The Irish island - known locally as "Beatle Island" - is on the market for $384,000.
It could have been where John Lennon and Yoko Ono spent their retirement, yet Dorinish Island became home only to grazing sheep and seabirds.
Now, the land the size of a dozen soccer fields off Ireland is being offered as a retreat to a potential new owner for $384,000, 45 years after the Beatles songwriter bought it. Just before he was slain in New York in 1980, Lennon revived plans to build a home on the island. Ono sold it to local farmers in 1984.
"He was constantly panning a cine-camera to get a panoramic of the bay," Michael Browne, 73, said of Lennon, whom he took to visit Dorinish.
The history of Dorinish, in Clew Bay in Mayo, marks it out from the slew of Irish islands for sale in the wake of the country's real-estate market collapse. The farmers are selling the 21-acre island because it's getting more difficult for them to keep animals there as they get older, said Andrew Crowley, the agent in charge of the sale. He said he couldn't specify how much they paid for the island, while Browne said Lennon paid about $2,700 in 1967.
"The owners are getting on in years and maintaining their livestock at such a distance isn't practicable anymore," Crowley said.
The Beatles connection isn't making it easier to sell. Dorinish, known locally as "Beatle Island," has been on the market since mid-July.
The island is being marketed without it having planning permission, and the ruins of old marine pilot houses dating to 19th century are still visible.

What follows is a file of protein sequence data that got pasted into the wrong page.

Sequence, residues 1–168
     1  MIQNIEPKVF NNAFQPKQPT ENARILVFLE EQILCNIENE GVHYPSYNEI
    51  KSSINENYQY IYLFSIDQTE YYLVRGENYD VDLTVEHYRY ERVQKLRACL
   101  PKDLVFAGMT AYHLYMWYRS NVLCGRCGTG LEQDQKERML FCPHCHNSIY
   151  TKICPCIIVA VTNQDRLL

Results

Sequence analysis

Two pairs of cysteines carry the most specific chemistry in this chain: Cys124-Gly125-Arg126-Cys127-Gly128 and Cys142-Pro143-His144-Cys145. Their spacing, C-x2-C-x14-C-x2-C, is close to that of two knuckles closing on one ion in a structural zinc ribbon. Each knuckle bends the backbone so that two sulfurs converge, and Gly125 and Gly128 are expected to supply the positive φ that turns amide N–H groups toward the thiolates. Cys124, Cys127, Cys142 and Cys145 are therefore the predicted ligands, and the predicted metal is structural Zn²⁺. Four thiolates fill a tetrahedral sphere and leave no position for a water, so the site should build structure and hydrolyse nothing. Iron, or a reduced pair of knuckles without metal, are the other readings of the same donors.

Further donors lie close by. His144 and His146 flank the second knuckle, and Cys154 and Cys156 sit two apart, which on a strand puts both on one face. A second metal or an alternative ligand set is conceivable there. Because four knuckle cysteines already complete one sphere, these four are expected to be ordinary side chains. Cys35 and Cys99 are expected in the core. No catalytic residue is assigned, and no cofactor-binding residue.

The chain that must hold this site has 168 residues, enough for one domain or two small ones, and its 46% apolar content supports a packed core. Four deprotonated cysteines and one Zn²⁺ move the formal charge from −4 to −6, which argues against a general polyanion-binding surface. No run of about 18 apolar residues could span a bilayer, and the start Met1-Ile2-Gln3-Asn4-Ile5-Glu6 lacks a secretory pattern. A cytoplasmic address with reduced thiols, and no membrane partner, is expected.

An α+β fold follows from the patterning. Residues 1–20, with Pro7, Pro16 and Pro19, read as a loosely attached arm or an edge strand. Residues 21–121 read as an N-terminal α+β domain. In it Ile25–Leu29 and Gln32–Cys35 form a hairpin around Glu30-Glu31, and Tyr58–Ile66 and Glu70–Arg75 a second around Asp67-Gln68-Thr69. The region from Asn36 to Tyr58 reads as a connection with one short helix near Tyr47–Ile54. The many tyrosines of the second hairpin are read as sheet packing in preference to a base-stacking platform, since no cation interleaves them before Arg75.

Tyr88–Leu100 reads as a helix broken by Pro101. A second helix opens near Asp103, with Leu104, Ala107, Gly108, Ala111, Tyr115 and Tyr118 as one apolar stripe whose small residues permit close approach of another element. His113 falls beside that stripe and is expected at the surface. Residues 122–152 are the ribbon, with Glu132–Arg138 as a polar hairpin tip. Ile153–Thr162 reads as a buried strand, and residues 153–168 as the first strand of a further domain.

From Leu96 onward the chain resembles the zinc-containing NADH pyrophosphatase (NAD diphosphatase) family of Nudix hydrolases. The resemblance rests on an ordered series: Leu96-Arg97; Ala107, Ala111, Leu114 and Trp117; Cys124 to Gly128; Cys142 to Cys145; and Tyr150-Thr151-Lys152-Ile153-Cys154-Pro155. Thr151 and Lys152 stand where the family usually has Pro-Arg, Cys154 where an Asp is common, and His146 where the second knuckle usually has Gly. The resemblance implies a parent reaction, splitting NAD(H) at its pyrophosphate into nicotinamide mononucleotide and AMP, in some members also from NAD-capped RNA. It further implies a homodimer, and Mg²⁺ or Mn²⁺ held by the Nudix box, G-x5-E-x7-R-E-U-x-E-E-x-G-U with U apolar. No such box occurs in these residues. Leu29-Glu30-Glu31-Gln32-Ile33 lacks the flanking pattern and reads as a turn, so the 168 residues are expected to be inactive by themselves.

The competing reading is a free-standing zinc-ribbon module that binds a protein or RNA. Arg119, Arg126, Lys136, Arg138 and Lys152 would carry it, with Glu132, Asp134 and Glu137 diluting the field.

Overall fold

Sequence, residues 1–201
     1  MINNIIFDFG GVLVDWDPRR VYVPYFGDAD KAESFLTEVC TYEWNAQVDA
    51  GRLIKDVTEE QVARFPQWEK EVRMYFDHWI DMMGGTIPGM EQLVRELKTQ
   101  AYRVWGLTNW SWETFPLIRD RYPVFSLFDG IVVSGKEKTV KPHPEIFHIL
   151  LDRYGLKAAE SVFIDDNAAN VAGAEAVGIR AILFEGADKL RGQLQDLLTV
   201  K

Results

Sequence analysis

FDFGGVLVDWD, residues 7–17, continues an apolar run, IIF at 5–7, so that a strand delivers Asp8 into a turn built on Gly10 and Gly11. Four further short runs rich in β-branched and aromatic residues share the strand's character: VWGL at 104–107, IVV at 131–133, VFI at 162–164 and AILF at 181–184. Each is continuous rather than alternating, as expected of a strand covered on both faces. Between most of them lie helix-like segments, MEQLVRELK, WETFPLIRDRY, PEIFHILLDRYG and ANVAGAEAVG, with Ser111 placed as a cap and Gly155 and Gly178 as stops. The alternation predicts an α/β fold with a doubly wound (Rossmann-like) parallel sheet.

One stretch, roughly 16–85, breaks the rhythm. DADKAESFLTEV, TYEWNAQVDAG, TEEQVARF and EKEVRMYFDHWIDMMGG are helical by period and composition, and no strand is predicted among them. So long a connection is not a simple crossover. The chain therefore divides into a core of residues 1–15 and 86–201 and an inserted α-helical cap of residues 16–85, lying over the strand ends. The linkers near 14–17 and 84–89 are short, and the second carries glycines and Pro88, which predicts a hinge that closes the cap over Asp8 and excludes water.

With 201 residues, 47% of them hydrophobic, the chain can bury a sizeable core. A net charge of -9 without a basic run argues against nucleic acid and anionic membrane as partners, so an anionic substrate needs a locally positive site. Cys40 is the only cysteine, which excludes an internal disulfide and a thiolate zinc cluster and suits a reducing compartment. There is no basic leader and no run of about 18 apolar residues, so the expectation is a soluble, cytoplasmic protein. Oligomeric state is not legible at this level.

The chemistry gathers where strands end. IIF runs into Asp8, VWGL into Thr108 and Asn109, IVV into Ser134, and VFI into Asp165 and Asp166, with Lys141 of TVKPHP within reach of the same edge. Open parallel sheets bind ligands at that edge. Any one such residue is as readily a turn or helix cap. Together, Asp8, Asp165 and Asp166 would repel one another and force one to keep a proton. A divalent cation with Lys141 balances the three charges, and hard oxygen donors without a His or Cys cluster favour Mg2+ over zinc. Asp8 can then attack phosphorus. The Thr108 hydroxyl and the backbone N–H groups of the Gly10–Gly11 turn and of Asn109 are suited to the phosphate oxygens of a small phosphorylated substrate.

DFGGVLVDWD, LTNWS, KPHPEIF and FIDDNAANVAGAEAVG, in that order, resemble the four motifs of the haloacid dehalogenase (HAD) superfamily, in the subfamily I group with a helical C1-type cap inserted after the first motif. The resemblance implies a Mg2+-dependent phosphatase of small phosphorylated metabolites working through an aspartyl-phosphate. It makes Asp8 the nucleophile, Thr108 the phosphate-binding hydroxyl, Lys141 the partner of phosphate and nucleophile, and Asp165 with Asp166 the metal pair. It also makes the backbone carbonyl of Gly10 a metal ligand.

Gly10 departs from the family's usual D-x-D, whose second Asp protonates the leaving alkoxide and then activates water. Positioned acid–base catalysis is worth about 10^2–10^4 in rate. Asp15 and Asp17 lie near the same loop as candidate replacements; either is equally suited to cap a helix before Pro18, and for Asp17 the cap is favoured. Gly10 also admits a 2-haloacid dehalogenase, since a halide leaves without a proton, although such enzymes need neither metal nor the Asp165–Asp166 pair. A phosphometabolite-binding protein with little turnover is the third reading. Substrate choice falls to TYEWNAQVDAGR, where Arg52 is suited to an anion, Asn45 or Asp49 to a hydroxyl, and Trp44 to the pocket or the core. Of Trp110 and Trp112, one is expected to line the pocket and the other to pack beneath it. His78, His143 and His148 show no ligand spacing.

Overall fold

For some, ownership of an Irish island became a symbol of affluence and wealth.
"The kind of person who wants to own an island is the sort of person who wants to print their own money," said Dominic Daly, a real estate agent selling three islands.
In Clew Bay alone, there are more than 300 islands, including Dorinish. Lennon bought Dorinish, which is made up of two small islands joined by stone causeway, from the Westport Harbor Board through an intermediary to avoid publicity, Browne said.
"After about a year, he sent over a gypsy type-caravan to be put out on the island," Browne said. "The caravan was painted in psychedelic patterns like the Sergeant Pepper album cover, so people eventually worked out that John Lennon was involved."
Lennon and Ono visited the island in 1968, according to pictures of his arrival at a local hostelry. He was asked in an interview published in Rolling Stone in 1971 if he had a picture of their life when he hit 64. Lennon said: "I hope we're a nice old couple living off the coast of Ireland or something like that -- looking out at our scrapbook of madness."